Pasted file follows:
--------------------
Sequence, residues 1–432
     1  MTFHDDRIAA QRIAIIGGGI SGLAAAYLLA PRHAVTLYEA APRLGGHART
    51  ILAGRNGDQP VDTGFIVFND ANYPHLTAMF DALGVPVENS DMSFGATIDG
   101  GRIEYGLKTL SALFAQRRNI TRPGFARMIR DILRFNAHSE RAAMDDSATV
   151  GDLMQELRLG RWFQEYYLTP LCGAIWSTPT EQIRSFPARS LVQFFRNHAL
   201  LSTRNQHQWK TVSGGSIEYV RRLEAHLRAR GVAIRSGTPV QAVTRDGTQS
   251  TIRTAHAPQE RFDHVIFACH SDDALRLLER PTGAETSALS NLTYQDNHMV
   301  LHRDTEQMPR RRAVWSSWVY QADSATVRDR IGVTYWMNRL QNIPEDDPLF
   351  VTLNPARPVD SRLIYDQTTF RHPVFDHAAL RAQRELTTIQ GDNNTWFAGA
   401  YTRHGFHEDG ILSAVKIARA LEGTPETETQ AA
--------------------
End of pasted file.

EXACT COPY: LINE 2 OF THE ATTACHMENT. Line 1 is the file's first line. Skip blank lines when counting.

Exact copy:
     1  MTFHDDRIAA QRIAIIGGGI SGLAAAYLLA PRHAVTLYEA APRLGGHART